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Dr. David Samadi of RoboticOncology discusses why eating more mushrooms may reduce risk of prostate cancer

December 2, 2019 GMT
Dr. David B. Samadi
Dr. David B. Samadi

NEW YORK, Dec. 2, 2019 /PRNewswire/ -- It may be time to stock up on mushrooms if you want to reduce prostate cancer. This news is from a long-term cohort study of more than 36,000 Japanese men over 13 years suggesting an association between eating mushrooms and a lower risk of prostate cancer.

“Men’s food choices matter when it comes to dodging prostate cancer,” explained Dr. David Samadi, Director of Men’s Health at St. Francis Hospital in Roslyn, New York. “For example, lycopene, a phytonutrient predominantly found in cooked tomatoes, has a long history for possibly reducing prostate cancer risk. Now men should consider adding in sliced mushrooms to foods using tomato sauce or paste in meals.”

Published in the International Journal of Cancer, the study included Japanese men ages 40-79 years. Men older than 50 years who consumed regularly mushrooms at least once or twice a week but even better if it was three times a week or more had 8% and 17% lower risk of prostate cancer than men who ate mushrooms less than once weekly. This association persisted regardless of the stage of prostate cancer or intake of other vegetables, fruit, meat, or dairy foods.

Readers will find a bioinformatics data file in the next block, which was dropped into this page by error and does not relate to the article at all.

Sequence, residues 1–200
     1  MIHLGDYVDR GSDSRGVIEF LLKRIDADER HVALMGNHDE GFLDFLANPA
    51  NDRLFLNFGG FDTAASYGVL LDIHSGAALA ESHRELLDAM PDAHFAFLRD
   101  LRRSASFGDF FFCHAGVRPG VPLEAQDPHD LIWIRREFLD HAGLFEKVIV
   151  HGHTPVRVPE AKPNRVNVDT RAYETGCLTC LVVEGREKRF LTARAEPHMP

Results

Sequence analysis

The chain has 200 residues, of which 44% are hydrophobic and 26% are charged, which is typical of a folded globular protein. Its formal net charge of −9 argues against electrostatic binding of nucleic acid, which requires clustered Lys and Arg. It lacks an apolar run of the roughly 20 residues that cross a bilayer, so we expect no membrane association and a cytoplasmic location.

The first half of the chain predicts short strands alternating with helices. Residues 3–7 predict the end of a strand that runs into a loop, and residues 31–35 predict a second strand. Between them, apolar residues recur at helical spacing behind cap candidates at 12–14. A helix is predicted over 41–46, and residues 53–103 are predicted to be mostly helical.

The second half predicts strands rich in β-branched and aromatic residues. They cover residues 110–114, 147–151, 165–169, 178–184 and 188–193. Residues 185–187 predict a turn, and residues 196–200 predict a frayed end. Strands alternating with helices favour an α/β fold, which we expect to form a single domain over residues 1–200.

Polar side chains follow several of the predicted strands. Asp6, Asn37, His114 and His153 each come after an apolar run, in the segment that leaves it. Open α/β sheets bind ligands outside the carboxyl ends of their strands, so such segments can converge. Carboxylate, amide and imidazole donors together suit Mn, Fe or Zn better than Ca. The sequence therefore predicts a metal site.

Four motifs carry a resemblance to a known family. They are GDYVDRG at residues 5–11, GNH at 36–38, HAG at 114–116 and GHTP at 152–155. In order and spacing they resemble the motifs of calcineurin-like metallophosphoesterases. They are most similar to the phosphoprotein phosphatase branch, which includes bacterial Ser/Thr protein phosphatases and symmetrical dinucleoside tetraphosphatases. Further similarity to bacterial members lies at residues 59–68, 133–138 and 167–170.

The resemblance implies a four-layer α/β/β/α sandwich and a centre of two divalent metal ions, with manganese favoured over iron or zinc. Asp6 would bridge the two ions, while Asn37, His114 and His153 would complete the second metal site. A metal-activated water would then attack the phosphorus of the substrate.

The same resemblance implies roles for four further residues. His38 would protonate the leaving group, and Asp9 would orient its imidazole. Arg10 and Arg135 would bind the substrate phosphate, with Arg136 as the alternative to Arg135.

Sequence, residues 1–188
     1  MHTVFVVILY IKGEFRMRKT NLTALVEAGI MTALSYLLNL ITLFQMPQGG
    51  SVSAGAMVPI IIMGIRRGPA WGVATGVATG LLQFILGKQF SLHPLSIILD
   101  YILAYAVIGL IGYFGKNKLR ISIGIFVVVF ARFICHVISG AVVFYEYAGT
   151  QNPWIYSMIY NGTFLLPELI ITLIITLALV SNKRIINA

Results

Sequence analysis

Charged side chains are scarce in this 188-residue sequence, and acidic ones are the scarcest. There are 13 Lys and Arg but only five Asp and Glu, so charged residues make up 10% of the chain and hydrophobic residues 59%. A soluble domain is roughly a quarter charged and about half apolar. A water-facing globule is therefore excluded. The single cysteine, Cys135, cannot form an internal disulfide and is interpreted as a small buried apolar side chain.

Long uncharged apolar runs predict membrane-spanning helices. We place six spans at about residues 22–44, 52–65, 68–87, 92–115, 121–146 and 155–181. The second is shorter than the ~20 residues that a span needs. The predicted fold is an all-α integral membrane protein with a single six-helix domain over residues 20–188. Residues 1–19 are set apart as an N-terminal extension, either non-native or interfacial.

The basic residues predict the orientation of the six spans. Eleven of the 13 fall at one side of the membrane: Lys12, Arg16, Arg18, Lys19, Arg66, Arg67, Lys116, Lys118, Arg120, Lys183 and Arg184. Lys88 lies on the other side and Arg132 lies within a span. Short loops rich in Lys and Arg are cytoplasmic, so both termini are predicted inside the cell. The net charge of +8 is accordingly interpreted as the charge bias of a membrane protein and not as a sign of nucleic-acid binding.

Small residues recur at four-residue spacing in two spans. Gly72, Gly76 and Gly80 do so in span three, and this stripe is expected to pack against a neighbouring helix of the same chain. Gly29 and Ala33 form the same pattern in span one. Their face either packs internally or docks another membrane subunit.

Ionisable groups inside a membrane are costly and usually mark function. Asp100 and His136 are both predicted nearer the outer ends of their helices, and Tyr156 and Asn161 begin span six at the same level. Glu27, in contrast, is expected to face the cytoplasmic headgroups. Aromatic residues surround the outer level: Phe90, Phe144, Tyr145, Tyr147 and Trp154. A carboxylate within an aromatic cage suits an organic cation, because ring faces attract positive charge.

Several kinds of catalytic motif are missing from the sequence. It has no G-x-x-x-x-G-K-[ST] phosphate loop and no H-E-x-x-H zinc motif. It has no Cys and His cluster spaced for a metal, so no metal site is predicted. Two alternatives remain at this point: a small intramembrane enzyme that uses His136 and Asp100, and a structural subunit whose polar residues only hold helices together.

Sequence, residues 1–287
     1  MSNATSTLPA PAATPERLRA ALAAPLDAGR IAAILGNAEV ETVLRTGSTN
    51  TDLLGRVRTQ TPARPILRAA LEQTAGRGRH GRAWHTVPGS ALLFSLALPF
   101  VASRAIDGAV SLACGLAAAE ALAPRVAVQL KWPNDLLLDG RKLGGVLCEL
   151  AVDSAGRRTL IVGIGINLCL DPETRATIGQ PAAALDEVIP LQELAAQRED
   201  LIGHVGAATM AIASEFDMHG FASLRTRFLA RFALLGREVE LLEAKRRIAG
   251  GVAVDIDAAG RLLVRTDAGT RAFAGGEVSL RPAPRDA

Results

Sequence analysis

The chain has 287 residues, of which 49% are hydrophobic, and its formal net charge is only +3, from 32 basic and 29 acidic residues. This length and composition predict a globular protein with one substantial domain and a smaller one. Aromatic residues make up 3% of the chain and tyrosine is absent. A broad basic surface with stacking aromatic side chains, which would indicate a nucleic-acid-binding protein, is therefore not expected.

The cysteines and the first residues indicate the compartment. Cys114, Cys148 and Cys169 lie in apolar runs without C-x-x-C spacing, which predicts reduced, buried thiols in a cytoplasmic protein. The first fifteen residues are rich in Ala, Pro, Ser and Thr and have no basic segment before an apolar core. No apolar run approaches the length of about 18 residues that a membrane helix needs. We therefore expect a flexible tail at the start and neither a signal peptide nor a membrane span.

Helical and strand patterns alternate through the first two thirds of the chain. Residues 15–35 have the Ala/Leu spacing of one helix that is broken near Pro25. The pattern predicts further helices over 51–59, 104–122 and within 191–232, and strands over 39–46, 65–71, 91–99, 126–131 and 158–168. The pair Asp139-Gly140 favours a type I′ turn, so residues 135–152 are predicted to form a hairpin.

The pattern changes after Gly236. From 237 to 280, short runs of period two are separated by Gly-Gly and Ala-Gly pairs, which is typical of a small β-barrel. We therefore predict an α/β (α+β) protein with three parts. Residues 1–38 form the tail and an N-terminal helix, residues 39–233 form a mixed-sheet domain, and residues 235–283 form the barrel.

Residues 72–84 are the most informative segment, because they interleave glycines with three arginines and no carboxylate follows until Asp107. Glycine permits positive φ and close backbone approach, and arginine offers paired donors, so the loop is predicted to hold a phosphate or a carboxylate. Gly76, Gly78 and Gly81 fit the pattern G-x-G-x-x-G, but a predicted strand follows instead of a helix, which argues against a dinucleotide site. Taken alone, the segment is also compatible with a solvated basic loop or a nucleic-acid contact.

In Asian culture, mushrooms are habitually used for their nutritional value and medicinal purposes. It has been shown in test-tube studies on living organisms that mushrooms have the potential to prevent prostate cancer. But this is the first study conducted in humans looking at the relationship between mushroom consumption and the incident of prostate cancer.

“As a urologist, treating men with prostate cancer is a main focus of mine. It’s important for all men to understand this disease,” said Dr. Samadi. “Men should know that prostate cancer begins when cells in the prostate gland – a small, walnut-shaped gland found only in men that produce fluid that forms part of semen – begins to grow out of control and it’s the second leading cause of cancer death in men.”

Researchers with the study stated that mushrooms are a good source of vitamins, minerals, and antioxidants, especially L-ergothioneine, believed to mitigate against oxidative stress, a cellular imbalance resulting from poor diet and lifestyle choices and exposure to environmental toxins that might lead to chronic inflammation responsible for diseases such as cancer.

“While eating more mushrooms can be an important component of a healthy diet, I emphasize eating a healthy and balanced diet composed of a variety of healthy foods is the best bet for promoting and increasing the chance of reducing prostate cancer,” explained Dr. Samadi. “Foods work together in synergy so by combining healthy, nutrient-dense foods along with mushrooms the majority of time, will end in the best results health-wise.”

While there is no guarantee that increasing mushroom consumption will prevent prostate cancer, mushrooms are a healthy food to add to meals. For more ideas on how to incorporate more mushrooms into your meals, click here to discover how.

David B. Samadi, MD, Urologic Oncology Expert and Robotic Surgeon located at 485 Madison Avenue on the 21st floor, New York, NY – 212-365-5000. Follow Dr. Samadi at www.samadimd.com, www.prostatecancer911.com, and www.roboticoncology.com.

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SOURCE RoboticOncology